a Tamil song on the radio.

Your bitter letters written in blue ink
darken in my hands. Tonight the Ganges
is full of sobs as I pass.



one possibility for revision:


The overloaded ferry lurches
on a broken keel; great stacks
of kopra pile to the wheel house.

Monsoon floods the river,
burned corpses from funeral pyres
float in the current with crocodiles.

On shore, red cook fires are veiled
in charcoal smoke;
a Tamil song on the radio.

More passengers tramp on board
at Kedarnath and more at Varanasi;
My mental state murky like the river.

Your bitter letters written in blue ink
darken in my hands. Tonight the Ganges
is full of sobs as I pass.




thank you so much for the very helpful comment; and of course i could always shorten the poem, focus on either the river or the narrator---we will see.


Zak--

perhaps you feel this Western poem intrudes on a intimate detail of Indian life?

if so, i certainly understand. i hope there is enough information in the poem to clearly show the narrator is Western---like Durrell commenting on alexandria, Egypt.

and of course, the poem may just be badly written. alas.


Libramoon---

your comment:

"infinite sadness, just East of Sorrow
Blue, blue, stains on the radio
broadcast over black flood water
where corpses linger."



for sure, that is how i see the poem; are the images too much? too busy: too jammed together?

i hope not but the comments of others will help me rethink the poem; but your comment will give me strength to allow the narrator his choice of images and narration.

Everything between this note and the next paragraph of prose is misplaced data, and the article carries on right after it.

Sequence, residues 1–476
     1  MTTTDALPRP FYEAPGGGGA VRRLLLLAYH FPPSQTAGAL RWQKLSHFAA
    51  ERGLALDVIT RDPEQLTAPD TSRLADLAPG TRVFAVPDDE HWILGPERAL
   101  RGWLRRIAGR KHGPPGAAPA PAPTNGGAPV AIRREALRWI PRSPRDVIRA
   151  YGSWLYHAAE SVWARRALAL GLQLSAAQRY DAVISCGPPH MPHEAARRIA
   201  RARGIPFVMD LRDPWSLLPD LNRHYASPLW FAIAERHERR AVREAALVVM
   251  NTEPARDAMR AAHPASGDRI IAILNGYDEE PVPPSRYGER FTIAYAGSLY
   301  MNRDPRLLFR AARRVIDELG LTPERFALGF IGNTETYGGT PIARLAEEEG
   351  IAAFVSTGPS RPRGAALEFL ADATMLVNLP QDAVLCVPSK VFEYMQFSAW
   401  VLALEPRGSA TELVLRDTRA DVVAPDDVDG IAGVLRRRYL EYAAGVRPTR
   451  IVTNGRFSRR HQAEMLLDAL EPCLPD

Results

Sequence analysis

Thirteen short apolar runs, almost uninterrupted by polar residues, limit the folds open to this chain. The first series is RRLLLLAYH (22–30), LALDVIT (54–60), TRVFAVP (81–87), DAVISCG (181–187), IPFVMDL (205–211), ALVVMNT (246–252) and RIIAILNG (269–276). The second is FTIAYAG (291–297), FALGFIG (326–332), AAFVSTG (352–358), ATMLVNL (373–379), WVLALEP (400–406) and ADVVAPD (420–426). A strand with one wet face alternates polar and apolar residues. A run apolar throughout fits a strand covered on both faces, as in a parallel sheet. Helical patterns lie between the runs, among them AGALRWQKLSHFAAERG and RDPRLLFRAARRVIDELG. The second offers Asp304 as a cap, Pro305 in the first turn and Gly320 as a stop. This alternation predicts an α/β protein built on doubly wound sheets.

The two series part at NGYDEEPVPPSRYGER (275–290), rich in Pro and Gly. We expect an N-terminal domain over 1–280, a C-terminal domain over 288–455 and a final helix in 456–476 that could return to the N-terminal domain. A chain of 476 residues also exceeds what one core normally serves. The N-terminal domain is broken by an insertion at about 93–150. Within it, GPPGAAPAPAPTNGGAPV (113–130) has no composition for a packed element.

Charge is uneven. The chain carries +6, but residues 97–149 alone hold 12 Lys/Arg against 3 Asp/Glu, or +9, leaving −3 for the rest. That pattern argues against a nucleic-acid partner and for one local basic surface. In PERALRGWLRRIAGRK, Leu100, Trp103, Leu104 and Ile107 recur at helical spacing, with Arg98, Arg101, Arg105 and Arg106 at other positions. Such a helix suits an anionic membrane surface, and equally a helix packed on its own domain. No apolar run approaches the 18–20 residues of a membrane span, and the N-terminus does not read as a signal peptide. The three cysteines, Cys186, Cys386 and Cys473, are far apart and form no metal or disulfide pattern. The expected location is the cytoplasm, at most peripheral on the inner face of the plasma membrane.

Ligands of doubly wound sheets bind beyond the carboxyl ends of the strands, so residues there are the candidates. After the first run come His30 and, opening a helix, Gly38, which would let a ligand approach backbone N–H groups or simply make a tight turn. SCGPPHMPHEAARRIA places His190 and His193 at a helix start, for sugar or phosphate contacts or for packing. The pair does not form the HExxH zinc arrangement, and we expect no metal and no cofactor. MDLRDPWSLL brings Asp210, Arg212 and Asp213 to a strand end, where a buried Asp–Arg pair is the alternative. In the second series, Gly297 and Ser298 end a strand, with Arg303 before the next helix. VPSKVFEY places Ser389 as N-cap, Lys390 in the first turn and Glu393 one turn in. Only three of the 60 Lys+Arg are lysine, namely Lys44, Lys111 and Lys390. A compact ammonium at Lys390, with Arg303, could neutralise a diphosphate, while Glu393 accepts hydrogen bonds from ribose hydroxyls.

wow.

thanks big time.



bernie




these sad, scattered news items:


India:

December 25, 2011: In Tamil Nadu, 22 members of a family were killed when a ferry boat carrying 25 capsized near Pulicat lake backwaters in Chennai.

October 31, 2010: More than 18 people were killed and several others were reported missing after an overloaded ferry boat carrying about 150 people capsized in the Buriganga river in West Bengal.

October 11, 2010: Near the capital of Bihar, Patna, 36 people drowned to death and more than 15 went missing when a ferry boat capsized in the Ganges. The boat was carrying about 80 passengers.

June 14, 2010: In Ballia district of Uttar Pradesh, 62 people were killed when a ferry boat carrying around 80 people capsized in the Ganges./i]



  



  












Last edited by 36064, Nov/25/2012, 1:03 pm
Nov/25/2012, 12:48 pm Link to this post Send Email to 36064   Send PM to 36064 Blog
 
Katlin Profile
Live feed
Blog
Friends
Miscellaneous info



Reply | Quote
Re: Journey to Satchidananda


Hi Bernie,

When I read your poem last night, I thought it felt incomplete. Didn't say so then because I was puzzling over whether or not that feeling of incompleteness worked to the poem's advantage. Now that I've read your revision, I think the incompleteness was due to a lack of development. I like all the additions that you've made except the last one:

My mental state murky like the river.

Too direct and obvious for this poem. Thought you might consider bringing back the black water in that line's place:

The overloaded ferry lurches
on a broken keel; great stacks
of kopra pile to the wheel house.

Monsoon floods the river,
burned corpses from funeral pyres
float in the current with crocodiles.

On shore, red cook fires are veiled
in charcoal smoke;
a Tamil song on the radio.

More passengers tramp on board
at Kedarnath and more at Vernasi; black
water laps the main deck now and then.
 
Your bitter letters written in blue ink
darken in my hands. Tonight the Ganges
is full of sobs as I pass.
Nov/25/2012, 1:13 pm Link to this post Send Email to Katlin   Send PM to Katlin
 
36064 Profile
Live feed
Blog
Friends
Miscellaneous info



Reply | Quote
Re: Journey to Satchidananda


Katlin---


i also like this version better than the shorter original.


The overloaded ferry lurches
on a broken keel; great stacks
of kopra pile to the wheel house.

Monsoon floods the river,
burned corpses from funeral pyres